FirstEnergy Agrees to Repay $ 306 Million to Ohio Customers | national

CLEVELAND (AP) – Akron-based FirstEnergy Corp., one of the largest utilities holding companies in the United States, on Monday announced it had reached an agreement with the Ohio Consumers’ Counsel and other groups to reimburse its customers in Ohio and cut their rates by a total of $ 306 million for taking grossly excessive profits.

Refunds total $ 96 million, including $ 51 million to residential customers. Customer bills will also be reduced by a total of $ 210 million over four years starting in 2022. Reimbursement and bill credits total about $ 85 for the average residential customer.

The regulation must be approved by the Public Utilities Commission of Ohio.

“Today’s record rebate is the culmination of OCC’s tireless efforts over several years to secure reimbursements for consumers for FirstEnergy’s high profits,” said Ohio Consumer Lawyer Bruce Weston, in a statement. “Consumers need to get $ 306 million worth of justice. We hope that’s a trend.

NOPEC, a non-profit energy aggregator that sells electricity to residential customers, worked with the Consumers Council on issues leading up to the settlement.

“This massive settlement is a tremendous victory for NOPEC’s half a million electrical customers who are rightfully putting money in their pockets and holding utilities accountable,” said Chuck Keiper, Executive Director of NOPEC.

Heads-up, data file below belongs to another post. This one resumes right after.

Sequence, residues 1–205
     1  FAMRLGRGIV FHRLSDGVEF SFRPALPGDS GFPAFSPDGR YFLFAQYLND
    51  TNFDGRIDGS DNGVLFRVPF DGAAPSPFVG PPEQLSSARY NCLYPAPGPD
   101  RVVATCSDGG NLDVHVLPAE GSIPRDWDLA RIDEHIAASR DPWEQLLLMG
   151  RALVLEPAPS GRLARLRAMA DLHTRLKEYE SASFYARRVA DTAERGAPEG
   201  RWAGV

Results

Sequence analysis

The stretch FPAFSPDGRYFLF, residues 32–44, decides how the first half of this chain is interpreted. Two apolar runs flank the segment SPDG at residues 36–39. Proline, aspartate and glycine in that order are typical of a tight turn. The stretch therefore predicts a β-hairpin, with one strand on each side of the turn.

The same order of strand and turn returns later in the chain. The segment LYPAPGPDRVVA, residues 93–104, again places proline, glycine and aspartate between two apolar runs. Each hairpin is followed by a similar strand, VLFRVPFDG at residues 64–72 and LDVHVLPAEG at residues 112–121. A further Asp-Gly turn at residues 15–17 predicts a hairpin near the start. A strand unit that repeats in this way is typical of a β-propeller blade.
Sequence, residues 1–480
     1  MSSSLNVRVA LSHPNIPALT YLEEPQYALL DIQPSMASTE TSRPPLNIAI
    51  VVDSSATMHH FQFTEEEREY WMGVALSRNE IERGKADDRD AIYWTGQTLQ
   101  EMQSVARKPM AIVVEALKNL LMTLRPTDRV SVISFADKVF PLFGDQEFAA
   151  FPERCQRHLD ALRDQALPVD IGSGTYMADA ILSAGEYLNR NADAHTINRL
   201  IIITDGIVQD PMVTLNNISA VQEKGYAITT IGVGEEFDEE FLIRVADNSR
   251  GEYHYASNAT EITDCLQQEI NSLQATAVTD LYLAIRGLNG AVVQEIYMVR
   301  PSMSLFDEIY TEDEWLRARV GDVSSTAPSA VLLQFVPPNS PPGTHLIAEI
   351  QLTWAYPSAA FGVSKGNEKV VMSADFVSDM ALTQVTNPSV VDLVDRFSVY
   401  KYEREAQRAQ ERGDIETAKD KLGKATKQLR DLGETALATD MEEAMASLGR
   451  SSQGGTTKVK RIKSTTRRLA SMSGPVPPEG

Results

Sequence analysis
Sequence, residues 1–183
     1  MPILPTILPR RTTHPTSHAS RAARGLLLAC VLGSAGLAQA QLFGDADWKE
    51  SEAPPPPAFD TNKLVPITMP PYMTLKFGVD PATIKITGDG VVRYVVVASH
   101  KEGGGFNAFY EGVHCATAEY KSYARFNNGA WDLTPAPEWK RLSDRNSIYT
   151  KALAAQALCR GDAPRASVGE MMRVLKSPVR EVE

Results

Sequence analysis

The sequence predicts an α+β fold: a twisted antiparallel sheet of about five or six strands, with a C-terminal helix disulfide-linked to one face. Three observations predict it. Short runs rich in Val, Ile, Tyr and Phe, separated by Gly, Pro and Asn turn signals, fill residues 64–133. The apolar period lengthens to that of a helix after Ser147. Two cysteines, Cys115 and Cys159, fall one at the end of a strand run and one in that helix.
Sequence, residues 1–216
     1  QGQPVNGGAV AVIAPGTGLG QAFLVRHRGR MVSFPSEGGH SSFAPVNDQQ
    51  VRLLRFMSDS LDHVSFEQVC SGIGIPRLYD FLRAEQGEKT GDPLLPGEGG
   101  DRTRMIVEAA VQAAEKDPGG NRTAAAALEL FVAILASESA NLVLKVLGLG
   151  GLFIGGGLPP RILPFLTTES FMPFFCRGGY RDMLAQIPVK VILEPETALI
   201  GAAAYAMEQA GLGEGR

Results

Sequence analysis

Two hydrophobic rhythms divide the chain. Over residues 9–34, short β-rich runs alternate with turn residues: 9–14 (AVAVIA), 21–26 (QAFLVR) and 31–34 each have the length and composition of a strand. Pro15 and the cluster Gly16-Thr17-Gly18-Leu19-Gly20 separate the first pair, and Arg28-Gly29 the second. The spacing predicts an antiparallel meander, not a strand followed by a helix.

The Ohio Energy Group, which represents major industrial and commercial customers, also played a role in the settlement.

The case began when the Consumers Council appealed a decision by the Ohio Utilities Commission that the FirstEnergy companies did not make significantly excessive profits between 2017 and 2019. As a regulated companies responsible for keeping the lights on, they are allowed to make money, but are not allowed to make significantly excessive profits.

The Ohio Supreme Court ruled in December 2020 that FirstEnergy companies could not exclude revenue from a customer charge for power grid modernization in the profit calculation.

FirstEnergy President and CEO Steven Strah said in a document filed with the United States Securities and Exchange Commission Monday that settlement talks began in August. Strah said the settlement “is truly in the best interests of all of our Ohio customers.”

FirstEnergy agreed in July to pay $ 230 million in penalties to avoid federal prosecution for secretly funding a $ 60 million bribery program to secure a legislative bailout in 2019 for two nuclear power plants then operated by a subsidiary wholly owned.

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